From Prehistoric times to the Middle Ages, the Museum that describes the History of the Valle del Sarno
Thanks to the quality and uniqueness of its numerous findings, the Archaeological Museum in Valle del Sarno is an active research centre, that attracts the interest of Italian and foreign researchers.
The history of the museum
Built around the middle of the Eighteenth century on the wishes of Ungaro family, an old family from Sarno, the Palazzo Capua, current-day home to the Archaeological Museum of the Valle del Sarno is one of the key examples of noble architecture in the city, inspired by the Neapolitan architectural tradition of the time.
After falling under the ownership of the Capua family in the next century, the palace was then bought by the State with a view to transforming it into an exhibition space. The Museum was inaugurated on 1 July 2011 and now displays archaeological findings from the whole area of Agro Nocerino-Sarnese, for a period that extends from the prehistoric era right up to Medieval times.
The Museum itinerary winds through a selection of pre-historic materials (IV millennium - X century B.C.), a selection of funeral dowries from the proto-historic necropolises in the Valle del Sarno (IX - VI centuries B.C.), and other extremely important testimonies of the "Culture of buried tombs", common at the time in different parts of ancient Italy.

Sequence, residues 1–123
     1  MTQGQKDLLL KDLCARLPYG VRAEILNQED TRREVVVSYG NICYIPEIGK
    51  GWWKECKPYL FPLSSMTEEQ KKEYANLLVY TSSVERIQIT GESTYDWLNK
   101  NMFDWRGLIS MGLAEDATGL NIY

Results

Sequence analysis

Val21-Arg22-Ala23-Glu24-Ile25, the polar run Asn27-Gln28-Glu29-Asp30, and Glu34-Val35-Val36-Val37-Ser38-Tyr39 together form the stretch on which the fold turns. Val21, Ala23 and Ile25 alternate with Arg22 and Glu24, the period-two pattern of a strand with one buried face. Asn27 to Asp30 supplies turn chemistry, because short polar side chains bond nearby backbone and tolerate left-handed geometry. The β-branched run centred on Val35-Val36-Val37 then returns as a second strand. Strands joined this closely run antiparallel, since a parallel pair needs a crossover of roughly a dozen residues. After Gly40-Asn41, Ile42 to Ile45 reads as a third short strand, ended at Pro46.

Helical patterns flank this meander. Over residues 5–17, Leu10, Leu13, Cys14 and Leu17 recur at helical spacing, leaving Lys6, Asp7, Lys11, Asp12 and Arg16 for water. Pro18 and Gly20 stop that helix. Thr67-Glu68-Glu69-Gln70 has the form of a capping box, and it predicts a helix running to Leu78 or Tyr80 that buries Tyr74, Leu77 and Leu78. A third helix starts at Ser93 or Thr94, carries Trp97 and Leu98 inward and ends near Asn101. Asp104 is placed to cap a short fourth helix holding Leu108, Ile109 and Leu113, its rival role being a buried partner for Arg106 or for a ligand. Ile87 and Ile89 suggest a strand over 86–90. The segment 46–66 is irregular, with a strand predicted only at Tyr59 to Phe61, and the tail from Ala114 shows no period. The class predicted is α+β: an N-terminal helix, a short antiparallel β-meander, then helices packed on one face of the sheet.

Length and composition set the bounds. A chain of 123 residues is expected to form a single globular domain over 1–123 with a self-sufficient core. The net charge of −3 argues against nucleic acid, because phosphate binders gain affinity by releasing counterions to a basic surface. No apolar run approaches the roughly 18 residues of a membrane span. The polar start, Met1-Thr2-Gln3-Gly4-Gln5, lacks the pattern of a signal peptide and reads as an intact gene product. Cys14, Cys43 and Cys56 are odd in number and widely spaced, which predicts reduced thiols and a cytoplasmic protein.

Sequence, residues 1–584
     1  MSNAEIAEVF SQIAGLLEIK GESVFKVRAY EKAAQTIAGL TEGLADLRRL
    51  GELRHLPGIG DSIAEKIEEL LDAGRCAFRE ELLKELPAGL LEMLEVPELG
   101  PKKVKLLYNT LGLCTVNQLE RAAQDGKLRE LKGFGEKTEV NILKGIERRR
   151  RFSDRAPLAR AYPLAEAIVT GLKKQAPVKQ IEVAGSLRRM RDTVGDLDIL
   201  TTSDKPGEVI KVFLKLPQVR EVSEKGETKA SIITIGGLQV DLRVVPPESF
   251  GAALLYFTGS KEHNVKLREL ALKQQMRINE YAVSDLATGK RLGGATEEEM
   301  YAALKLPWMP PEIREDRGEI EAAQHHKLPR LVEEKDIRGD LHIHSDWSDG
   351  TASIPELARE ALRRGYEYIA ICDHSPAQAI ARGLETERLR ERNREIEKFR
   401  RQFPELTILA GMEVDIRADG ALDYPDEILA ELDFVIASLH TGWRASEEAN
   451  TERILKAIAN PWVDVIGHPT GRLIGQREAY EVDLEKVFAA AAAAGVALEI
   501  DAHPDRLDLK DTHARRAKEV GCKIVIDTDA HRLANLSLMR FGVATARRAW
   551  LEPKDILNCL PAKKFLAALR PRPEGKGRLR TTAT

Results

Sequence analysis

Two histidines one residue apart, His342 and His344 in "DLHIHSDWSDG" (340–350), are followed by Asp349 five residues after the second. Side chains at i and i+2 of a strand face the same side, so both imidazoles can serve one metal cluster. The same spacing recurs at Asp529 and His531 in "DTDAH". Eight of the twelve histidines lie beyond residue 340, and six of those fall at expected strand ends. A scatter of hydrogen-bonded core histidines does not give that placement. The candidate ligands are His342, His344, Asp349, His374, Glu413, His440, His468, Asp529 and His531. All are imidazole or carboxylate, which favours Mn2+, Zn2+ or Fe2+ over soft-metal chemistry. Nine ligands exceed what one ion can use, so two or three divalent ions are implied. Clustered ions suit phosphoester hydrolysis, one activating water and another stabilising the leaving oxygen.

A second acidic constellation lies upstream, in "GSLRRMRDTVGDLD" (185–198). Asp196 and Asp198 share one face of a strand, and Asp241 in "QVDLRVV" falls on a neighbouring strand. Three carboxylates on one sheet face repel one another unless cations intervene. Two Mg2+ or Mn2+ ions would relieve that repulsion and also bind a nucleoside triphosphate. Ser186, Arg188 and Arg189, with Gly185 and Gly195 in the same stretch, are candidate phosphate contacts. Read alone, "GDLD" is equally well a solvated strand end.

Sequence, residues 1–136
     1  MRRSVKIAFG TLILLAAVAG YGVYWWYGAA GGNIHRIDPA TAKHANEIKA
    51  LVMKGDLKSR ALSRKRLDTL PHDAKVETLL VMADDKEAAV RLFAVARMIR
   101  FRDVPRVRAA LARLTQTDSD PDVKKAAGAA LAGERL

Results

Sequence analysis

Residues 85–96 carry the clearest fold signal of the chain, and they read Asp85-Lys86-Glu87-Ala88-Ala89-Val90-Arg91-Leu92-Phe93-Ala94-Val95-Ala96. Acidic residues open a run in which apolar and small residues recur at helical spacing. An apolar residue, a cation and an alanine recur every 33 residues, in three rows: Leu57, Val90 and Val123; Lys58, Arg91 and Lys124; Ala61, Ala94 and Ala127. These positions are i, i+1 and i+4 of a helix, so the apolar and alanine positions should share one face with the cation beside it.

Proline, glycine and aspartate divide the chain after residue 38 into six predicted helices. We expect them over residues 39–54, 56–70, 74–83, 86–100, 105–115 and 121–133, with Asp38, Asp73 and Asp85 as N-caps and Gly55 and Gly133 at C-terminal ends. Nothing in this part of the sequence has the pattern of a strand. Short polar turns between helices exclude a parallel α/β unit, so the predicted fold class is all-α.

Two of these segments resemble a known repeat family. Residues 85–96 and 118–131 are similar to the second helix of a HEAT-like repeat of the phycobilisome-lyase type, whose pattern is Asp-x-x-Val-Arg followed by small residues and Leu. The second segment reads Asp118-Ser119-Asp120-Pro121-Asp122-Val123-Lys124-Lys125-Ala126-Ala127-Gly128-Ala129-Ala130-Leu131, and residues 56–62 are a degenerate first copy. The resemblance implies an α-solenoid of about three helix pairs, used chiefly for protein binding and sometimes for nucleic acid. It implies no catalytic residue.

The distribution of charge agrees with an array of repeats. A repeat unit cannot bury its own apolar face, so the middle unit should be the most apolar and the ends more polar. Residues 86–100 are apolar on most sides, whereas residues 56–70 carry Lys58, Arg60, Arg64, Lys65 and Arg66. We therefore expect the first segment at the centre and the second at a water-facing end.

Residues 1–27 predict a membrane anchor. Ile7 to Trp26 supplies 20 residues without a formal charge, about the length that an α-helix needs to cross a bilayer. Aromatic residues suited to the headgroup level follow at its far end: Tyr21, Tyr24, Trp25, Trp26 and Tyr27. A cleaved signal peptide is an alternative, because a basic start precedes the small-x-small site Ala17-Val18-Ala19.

Of particularly attraction is the invaluable female, orientalizing era (mid VIII - start of VII centuries B.C.) funeral dowry in tomb 818, that highlights the important social role played by women of rank in local culture at that time.
Also of interest is the "Horseman's tomb", depicting a scene, typical of funeral paintings at that time, of the "return of the warrior welcomed by the family": the horseman, unusually portrayed with white-hair, returns home loaded with the booty of the defeated enemy, in company of a second, younger warrior, and both are welcomed by the women reciting their libation ritual.
The second floor of the Palace, which was the "main floor", is still being restored, but preserves frescoed walls and ceilings from the XVIII century. Further support to visitors in interpreting the findings on display, are offered in the form of videos, visible on screens located in the museum's various rooms